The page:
“We introduced our online customer promise to give buyers the confidence that they will receive the same quality service as they do from our retailers, so it’s pleasing to see many
now enjoying the power of choice that our multi-channel approach provides.”
Cleverly, Peugeot offers some of the advantages of a traditional car dealership through its online sales platform. In what Peugeot calls a ‘Virtual Showroom’, you can speak to a person who will answer any questions you might have, with real-time one-to-one walk-arounds designed to show the car’s features.
These online assistants are described as ‘product specialists’ rather than sales people, so in theory, you shouldn’t be under any pressure to buy.
Your rights when buying a car online
It all sounds very convenient and straightforward – buying a car over the internet is no more difficult than shopping with Amazon. But what happens if something goes wrong?
The key thing to remember is that you have 14 days to cancel from the moment you receive the goods. In this case we’re talking about a car, but the same applies with any distance-selling contract under the Consumer Contracts Regulations 2013.
Once you cancel, you then have 14 days to return the car, and the seller has 14 days to provide you with a refund.
Many online car sellers describe this as their ‘14-day money-back guarantee’, as if they are doing you a favour. They’re not. This is simply fulfilling their legal obligations.
Another important point to remember is that the vehicle doesn’t have to be faulty for you to make use of this legal right. Even if you simply change your mind about your purchase, you can still return the car and get your money back.
Disadvantages of buying online
The big downside to online buying is that it’s difficult, or impossible, to take a test drive before you decide.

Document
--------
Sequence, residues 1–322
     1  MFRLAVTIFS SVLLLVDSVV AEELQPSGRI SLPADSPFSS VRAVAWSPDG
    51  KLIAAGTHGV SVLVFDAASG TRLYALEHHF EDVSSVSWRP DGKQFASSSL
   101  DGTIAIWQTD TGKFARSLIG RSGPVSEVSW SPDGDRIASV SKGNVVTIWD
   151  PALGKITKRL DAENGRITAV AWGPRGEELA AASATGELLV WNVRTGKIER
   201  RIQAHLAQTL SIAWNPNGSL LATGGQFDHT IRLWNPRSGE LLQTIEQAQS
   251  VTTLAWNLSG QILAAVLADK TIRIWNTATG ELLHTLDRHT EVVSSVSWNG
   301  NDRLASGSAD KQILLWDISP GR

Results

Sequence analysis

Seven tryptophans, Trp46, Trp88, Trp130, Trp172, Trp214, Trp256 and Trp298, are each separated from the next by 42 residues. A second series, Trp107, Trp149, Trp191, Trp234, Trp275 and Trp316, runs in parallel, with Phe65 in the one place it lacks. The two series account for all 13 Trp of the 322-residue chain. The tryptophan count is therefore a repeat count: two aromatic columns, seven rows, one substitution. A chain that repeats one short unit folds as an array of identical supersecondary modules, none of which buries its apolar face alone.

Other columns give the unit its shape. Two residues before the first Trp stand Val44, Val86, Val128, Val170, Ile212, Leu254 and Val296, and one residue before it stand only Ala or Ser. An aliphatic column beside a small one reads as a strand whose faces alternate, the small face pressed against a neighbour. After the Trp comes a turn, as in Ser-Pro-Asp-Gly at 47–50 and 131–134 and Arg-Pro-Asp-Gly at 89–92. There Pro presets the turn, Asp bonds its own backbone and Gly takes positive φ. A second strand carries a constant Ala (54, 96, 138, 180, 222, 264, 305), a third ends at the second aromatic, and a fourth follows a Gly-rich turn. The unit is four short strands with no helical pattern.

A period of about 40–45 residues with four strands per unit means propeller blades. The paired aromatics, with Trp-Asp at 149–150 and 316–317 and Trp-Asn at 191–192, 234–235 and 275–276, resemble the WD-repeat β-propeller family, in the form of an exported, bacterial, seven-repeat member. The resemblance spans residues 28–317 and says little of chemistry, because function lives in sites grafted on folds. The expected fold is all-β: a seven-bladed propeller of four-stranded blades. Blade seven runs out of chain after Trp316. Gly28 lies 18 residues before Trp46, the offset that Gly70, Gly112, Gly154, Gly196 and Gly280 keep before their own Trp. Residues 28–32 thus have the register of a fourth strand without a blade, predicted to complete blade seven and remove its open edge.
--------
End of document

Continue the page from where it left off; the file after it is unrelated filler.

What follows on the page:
In theory, you could view the 14-day cancellation period as an extended test drive, but there’s peace of mind in having driven a car before parting with any cash. It’s not just a case of making sure everything works as it should: looking over a car thoroughly and driving it on a variety of roads is the best way to be certain it is right for you.
Online retailers are well aware that this is the weak link in their proposition, so you can expect lots of images and a detailed description of the car.
Buying a car online – the key questions to ask
- Does the car come with a warranty? Or would an extended warranty be made available at extra cost?
- Is a walk-around video accessible?
- How does the price compare with similar models to be found at regular dealerships?
- Can I part-exchange my old car?
- If buying on finance, is the deal competitive?
- Does the car have a full service history?
- Is collection available, as well as delivery?
So should I buy my next tow car online?
We’d still prefer the opportunity to see a car in the metal, and to test drive a few possible buys before settling on the right one.
On the other hand, many car buyers don’t really enjoy visiting dealerships, and will be attracted to the ease of buying from the comfort of home. If that sounds like you, the price is right, and you understand your legal rights, we wouldn’t put you off.
If you’re looking for a helping hand with identifying the towing vehicle for you, our guide on how to choose a tow car is sure to help, as we talk you through some of the crucial considerations.